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Cell biology of rice aquaporins

Final Report Summary - ORYZAQUA (Cell biology of rice aquaporins)

Introduction
Global changes are predicted to dramatically increase the variability of water supply, both in space and time, and will, thus affect crop yield. Several Mediterranean regions are already under severe risk of drought, extreme temperatures, and of other types of abiotic stress linked to water (e.g. as a result of periodic flooding, or salt stress). Southern countries such as Vietnam have also to face global changes. For instance, compared to the period 1980-2000, climate models predict an increase in temperature in the range of 1.2°C– 4.5°C in the North and in the range of 0.5°C – 3.0°C in the South and a sea level raise as high as 15 – 90 cm along the coastline of Vietnam, for 2070. Since Vietnam rice production is mainly located in the two deltas of Red river and Mekong, this sea level raise will be detrimental. Furthermore, in the Vietnam mountainous regions, the rice production relies essentially on rain fed watering. Changing the regime of watering is also detrimental. Plants are subjected to numerous abiotic stresses such as drought, salinity, extreme temperatures s, nutrient deficiencies and mineral toxicities, reducing their growth and therefore having a major impact on crop yield. Unfortunately, the adaptive mechanisms which allow some plants to cope with abiotic stresses are poorly understood. The control of water flow from the soil to the atmosphere via the root-to-stomata continuum is a central mechanism for plant growth and survival. More specifically, water transport in plant roots has been the object of intense research1. It was shown that water channel proteins named aquaporins mediate a significant part of the root hydraulic conductivity (Lpr) in numerous plant species including the model plant Arabidopsis thaliana and crops such as rice, maize, grapevine, or legumes2. Several of the above mentioned stresses are known to impact the water transport properties of plant tissues and to act on aquaporin regulation2.
ORYZAQUA project is willing to focus on rice (Oryza sativa) for understanding the function and regulation of aquaporins at the cellular level, using root cells of rice plantlets as a model to address the effects of salinity stress. Here, we want to focus on plantlets two weeks after germination, since the transplanting in the paddy fields is proceeded at this critical developmental stage when the plants are potentially subjected to severe stresses. The first aim is to address the water transport function of rice aquaporins in the root system. Next, we will monitor their subcellular localization by means of cell biology approaches.

Main results
Water transport function of aquaporins in the rice root system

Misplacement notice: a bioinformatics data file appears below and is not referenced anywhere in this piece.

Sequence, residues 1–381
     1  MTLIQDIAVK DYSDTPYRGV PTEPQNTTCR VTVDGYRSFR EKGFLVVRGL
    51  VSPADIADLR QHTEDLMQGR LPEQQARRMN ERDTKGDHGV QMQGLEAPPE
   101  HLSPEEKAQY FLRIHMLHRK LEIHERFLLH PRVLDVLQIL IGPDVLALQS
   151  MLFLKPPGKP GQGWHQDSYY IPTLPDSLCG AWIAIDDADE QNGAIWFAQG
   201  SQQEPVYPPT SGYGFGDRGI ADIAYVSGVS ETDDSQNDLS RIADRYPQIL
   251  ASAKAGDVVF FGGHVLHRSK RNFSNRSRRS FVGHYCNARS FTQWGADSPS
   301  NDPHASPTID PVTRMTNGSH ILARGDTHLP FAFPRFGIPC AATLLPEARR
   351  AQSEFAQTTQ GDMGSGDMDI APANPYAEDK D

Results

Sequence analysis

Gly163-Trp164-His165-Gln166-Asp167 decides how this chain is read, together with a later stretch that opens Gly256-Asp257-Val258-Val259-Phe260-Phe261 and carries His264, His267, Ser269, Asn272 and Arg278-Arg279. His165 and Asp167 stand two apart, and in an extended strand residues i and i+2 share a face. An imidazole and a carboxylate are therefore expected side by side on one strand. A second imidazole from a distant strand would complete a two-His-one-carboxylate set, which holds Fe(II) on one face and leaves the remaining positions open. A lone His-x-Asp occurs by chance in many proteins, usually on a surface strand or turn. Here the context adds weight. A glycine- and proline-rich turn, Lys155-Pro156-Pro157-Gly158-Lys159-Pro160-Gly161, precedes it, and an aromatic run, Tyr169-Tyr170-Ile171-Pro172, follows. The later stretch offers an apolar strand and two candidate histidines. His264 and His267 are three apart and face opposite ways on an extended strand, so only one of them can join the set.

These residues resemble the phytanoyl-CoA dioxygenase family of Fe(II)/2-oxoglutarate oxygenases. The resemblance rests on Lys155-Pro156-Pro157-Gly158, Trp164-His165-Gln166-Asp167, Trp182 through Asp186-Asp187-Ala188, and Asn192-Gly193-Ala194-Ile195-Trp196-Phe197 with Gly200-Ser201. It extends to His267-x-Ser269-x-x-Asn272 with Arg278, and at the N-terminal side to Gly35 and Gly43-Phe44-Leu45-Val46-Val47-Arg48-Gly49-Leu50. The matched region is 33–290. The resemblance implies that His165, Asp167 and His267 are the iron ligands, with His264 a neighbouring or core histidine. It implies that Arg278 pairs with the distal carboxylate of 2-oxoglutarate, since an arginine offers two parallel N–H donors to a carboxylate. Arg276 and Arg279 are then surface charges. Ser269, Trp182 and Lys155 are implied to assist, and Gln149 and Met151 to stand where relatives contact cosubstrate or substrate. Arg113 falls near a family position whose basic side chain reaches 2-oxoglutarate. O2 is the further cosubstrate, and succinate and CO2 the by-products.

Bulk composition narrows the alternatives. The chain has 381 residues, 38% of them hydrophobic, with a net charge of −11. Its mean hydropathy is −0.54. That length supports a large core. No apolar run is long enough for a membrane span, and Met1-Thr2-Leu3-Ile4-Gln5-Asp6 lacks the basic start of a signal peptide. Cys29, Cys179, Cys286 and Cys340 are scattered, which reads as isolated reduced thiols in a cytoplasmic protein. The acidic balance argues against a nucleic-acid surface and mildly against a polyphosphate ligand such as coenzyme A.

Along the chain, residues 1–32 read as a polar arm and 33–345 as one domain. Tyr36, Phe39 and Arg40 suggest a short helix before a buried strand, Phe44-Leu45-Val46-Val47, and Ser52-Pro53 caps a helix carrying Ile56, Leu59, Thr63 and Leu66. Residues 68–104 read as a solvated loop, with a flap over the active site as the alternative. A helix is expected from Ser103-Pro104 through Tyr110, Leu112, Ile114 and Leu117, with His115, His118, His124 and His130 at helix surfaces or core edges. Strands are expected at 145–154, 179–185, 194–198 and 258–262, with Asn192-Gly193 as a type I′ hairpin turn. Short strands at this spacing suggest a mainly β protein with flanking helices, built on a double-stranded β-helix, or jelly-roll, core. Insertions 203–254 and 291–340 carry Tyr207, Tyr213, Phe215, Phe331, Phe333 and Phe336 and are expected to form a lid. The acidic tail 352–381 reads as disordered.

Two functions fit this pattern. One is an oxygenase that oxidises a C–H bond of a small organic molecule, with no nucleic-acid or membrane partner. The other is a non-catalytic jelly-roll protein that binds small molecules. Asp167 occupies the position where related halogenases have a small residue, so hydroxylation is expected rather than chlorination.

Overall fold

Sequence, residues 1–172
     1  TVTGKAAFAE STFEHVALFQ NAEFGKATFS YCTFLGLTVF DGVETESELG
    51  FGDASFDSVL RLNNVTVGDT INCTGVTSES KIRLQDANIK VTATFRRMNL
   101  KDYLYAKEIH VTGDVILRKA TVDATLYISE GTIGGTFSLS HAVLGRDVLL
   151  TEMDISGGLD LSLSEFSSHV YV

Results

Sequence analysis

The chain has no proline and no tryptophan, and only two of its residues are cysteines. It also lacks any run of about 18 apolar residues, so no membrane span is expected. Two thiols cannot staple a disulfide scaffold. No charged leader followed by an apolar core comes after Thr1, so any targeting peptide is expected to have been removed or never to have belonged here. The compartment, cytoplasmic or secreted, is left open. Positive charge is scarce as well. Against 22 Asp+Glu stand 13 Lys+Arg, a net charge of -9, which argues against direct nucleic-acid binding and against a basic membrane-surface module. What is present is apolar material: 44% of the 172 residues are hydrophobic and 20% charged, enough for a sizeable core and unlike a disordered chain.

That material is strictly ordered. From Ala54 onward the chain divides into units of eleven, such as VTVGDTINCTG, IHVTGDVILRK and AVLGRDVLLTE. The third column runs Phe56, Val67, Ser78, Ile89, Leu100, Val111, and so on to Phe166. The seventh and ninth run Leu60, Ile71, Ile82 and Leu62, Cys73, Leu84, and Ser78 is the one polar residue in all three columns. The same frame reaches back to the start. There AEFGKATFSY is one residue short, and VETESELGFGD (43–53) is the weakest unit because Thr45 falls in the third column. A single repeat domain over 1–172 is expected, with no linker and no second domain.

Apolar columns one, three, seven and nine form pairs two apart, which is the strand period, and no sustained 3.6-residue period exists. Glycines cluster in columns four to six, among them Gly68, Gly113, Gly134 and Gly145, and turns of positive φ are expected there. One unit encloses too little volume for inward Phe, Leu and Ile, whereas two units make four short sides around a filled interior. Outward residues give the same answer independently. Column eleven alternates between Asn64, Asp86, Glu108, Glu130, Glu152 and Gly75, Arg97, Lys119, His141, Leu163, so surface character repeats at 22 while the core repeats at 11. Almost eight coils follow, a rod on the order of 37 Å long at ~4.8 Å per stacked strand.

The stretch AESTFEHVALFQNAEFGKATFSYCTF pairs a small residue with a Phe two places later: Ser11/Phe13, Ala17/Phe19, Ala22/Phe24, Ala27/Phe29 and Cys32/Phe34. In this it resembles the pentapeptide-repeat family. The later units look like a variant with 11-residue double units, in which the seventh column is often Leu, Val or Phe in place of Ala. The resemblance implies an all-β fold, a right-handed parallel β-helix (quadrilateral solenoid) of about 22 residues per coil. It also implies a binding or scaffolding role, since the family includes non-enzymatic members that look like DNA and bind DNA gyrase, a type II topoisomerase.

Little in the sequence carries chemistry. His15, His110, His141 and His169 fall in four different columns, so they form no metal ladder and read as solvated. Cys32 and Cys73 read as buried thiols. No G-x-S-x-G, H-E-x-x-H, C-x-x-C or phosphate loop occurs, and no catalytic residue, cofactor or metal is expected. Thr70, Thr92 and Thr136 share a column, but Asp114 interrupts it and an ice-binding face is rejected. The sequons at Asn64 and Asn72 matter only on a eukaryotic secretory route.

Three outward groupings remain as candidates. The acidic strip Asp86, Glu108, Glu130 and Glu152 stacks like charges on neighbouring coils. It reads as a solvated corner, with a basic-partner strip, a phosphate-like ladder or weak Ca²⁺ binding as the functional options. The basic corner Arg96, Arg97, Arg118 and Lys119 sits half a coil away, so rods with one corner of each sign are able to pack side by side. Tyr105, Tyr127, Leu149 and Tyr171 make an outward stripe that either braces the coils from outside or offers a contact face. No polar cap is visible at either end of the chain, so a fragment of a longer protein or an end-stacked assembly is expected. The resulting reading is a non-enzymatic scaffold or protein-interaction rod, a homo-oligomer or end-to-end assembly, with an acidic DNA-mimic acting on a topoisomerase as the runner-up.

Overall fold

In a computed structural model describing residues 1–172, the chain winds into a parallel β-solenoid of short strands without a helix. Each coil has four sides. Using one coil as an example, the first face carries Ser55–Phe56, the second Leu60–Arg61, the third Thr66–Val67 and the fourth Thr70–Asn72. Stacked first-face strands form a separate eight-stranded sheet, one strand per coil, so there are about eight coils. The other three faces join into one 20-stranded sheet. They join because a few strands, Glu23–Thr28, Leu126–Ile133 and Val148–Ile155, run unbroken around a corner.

We used a pressure-chamber system to monitor root hydraulic conductivity (Lpr)3. We compared two genotypes with contrasted watering regimes: Nipponbare is an irrigated lowland japonica rice and its genome sequence is now available; Azucena is a rainfed upland rice variety. Rice compared to Arabidopsis, presents a root architecture characterized by a fibrous system comprising four types of roots (the radicle, the crown roots, the large lateral roots, and the small lateral roots). These different types of roots are morphologically and anatomically distinct. To take into account the contribution of crown-root type, the genotype crl1, standing for crown-root-less mutant, was also analysed. Contrasted Lpr values were observed between genotypes (Figure 1). The two lowland and upland genotypes showed a marked difference. Interestingly, the mutant crl1 showed the lowest Lpr value. The salt-stress effect on the Lpr was also monitored. We observed a decrease of these values, indicating that salt has strong and fast inhibiting effects on the water transport capacities of rice plantlets.
Subcellular localization of rice aquaporins and sub-cellular markers
Here, we monitored the sub-cellular localization of selected rice aquaporins, the Plasma membrane Intrinsic Proteins (OsPIPs), by means of confocal laser scanning microscopy. For this, we cloned the cDNA sequences of four most highly root-expressed isoforms OsPIP1;1, OsPIP2;1, OsPIP2;4, and OsPIP2;54 and fused them individually with the sequence of the green fluorescent protein (GFP), under the control of a Cauliflower Mosaic Virus 35S promoter. The constructs were carried by a binary vector and were tested by the agroinfiltration method which allows a rapid observation of the localization of the transgenic products5. The constructs labelled the periphery of the cells indicating a plasma membrane (PM) localization, consistent with the nomenclature of these isoforms (Figure 2A-2E). OsRab5, a marker of the pre-vacuolar compartments (PVC)6 was expressed as a protein fusion with the fluorescent protein mCherry and showed a labelling surrounding some intracellular compartments such as small vacuoles (Figure 2F). We were also curious of the sub-cellular localization of the construct in Arabidopsis thaliana. For this, the floral-dip method was employed for obtaining Arabidopsis transgenic plants stably transformed and expressing individual OsPIP-GFP constructs (Figure 3). These constructs showed a peripheral labelling in agreement with the expected localization in the PM. Interestingly, under salt stress, a strong intracellular labelling was observed (Figure 3), reminiscent of what was observed for Arabidopsis PIP constructs in a previous study7. OsRab5-construct expression in Arabidopsis labelled intracellular compartments in control and salt-stressed plants (Figure 3). Finally, the Nipponbare genotype was stably transformed by Agrobacterium via a calli co-cultivation method8. Transgenic plants expressing OsPIP1;1-GFP or OsPIP2;1-GFP were obtained and the sub-cellular localization of OsPIP1;1-GFP was shown here as representative of the family members. In control conditions (Figure 4 upper panels), we observed a strict labelling of the PM for all the cells amenable to confocal microscopy analysis. Interestingly, the same pattern of localization was observed after a salt-stress (Figure 4 lower panels). We concluded that there is no detectable relocalization of OsPIP1;1-GFP construct upon 100 mM NaCl treatment.